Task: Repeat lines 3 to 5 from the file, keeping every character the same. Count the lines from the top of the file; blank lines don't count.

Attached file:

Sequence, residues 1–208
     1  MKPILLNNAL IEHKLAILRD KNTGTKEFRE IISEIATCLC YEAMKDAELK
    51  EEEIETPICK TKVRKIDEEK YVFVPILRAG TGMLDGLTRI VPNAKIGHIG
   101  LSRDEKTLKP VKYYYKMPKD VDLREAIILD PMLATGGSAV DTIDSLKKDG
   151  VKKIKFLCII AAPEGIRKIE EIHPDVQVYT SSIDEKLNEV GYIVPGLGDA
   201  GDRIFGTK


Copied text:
    51  EEEIETPICK TKVRKIDEEK YVFVPILRAG TGMLDGLTRI VPNAKIGHIG
   101  LSRDEKTLKP VKYYYKMPKD VDLREAIILD PMLATGGSAV DTIDSLKKDG
   151  VKKIKFLCII AAPEGIRKIE EIHPDVQVYT SSIDEKLNEV GYIVPGLGDA